With large numbers of Baby Boomers now retiring, many may want to give back to their community and stay active by serving as a volunteer board member of a local charity. They may not realize, however, that their commendable behavior exposes them to the risk of being sued. Board members can be held personally liable for the actions or inactions of the charitable organization, even if the board member is unpaid. In an ACE survey of households with at least $5 million in investable assets, 44% of those who were serving or had served as a volunteer board member did not have proper coverage in place.
Considering the increased need to protect assets when entering retirement, wealth advisors have an opportunity to strengthen their client relationships and broaden their range of advice by discussing this liability risk with their clients and then suggesting a quick review of their coverage by an insurance agent.
Just what can clients be sued for? Most often, lawsuits arise out of wrongful employment practices, such as sexual harassment, discrimination and wrongful termination. Although a board member may not have been the one who carried out these actions, individuals on the board can still be held accountable for not having the proper training programs in place to prevent such actions, or for not having a complaint process to address a problem in its earliest stages.
Due to the explosion of social media, lawsuits claiming libel, slander, invasion of privacy, plagiarism and copyright or trademark infringement present a rapidly escalating threat. Successful charities often thrive on networking and getting the good word out about their efforts, and social media has greatly increased the ease, reach and speed of disseminating news. But under the pressure to constantly produce content, internal review procedures often suffer just as the temptation to copy-and-paste or offer a hastily conceived opinion grows. In one case, $11.3 million was awarded to a consultant against an individual for posting defamatory comments on an Internet bullet board. Had that individual been working for a charity and offered comments in connection with his or her employment, the board members could have been targeted as well.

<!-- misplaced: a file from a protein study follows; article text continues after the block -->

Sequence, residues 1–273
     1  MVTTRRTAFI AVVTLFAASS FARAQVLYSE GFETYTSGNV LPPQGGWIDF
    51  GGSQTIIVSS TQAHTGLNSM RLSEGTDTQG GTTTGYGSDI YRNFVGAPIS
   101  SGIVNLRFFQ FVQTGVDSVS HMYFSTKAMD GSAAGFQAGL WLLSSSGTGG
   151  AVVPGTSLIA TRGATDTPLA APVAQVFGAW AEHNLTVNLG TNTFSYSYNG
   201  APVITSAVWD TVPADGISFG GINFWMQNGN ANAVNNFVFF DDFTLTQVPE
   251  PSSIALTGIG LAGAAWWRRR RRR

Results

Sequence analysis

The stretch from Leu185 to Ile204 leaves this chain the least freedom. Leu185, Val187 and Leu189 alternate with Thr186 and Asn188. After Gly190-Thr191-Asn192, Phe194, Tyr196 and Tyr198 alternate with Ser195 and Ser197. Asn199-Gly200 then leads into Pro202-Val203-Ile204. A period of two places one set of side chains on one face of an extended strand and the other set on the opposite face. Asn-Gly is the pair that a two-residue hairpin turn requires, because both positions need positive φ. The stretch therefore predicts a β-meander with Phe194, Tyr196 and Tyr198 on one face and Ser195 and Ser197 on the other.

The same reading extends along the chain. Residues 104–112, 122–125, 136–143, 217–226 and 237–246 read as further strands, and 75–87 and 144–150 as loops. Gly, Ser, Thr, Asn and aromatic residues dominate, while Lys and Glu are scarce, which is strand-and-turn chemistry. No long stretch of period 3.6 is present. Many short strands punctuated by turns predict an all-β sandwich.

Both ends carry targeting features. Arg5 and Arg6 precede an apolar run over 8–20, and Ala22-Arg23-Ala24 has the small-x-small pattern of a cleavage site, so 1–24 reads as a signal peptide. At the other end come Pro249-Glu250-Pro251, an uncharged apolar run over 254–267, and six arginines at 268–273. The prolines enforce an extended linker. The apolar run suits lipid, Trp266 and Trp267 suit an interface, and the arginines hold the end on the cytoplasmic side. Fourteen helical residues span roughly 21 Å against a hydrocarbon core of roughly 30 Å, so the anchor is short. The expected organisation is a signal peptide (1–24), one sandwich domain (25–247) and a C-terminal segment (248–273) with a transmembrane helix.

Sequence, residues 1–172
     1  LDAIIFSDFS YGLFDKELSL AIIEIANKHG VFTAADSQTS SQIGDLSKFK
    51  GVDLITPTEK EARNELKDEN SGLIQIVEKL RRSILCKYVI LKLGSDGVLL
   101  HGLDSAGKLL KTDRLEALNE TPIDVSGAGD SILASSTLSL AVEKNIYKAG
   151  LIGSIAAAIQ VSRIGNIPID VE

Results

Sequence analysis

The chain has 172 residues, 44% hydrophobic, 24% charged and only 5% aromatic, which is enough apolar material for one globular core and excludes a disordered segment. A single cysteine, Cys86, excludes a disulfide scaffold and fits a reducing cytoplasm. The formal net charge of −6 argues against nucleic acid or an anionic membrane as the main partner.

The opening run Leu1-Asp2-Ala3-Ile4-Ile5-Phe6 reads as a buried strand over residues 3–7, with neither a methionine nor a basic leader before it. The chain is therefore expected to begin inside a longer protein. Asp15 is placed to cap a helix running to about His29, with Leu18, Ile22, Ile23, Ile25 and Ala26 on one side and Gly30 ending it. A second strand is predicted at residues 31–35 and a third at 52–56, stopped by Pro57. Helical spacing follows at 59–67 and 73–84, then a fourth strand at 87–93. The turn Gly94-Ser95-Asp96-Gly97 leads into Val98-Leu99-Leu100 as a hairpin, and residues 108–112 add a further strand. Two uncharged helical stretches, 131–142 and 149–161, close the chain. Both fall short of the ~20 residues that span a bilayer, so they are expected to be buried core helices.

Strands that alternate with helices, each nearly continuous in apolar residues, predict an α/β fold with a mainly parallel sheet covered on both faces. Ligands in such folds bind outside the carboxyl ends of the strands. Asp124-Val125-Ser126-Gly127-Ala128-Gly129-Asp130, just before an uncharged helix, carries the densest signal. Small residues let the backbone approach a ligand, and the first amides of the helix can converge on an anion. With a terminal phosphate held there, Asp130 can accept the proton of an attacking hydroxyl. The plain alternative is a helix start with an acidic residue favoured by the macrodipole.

Nearly half of volunteer board members leave themselves exposed to these risks because they think the charitable organization will provide insurance protection for them, according to the ACE survey. Most organizations do. But charities typically operate on tight budgets and may not purchase enough insurance to guard against worst-case scenarios. They may have only $1 million in director’s & officer’s liability insurance to cover the entire board. With some suits far exceeding that amount, plaintiff lawyers will then try to recover damages from additional sources, including the personal assets of the board members.
According to the ACE survey, another 20% of volunteer board members recognize they may have some liability exposure, but they do nothing about it because they aren’t aware that a solution exists. It does, and it’s called charitable director’s and officer’s liability coverage. Insurance companies such as ACE that specialize in serving high-net-worth families typically offer this coverage as an option within or in conjunction with an umbrella liability policy. The cost can be surprisingly affordable—perhaps $500 for $1 million in coverage. It provides an additional level of protection for claims made during the policy period. After leaving the board, the client may want to continue the coverage for a few years in case a claim is brought against the organization for an incident that occurred on his or her watch.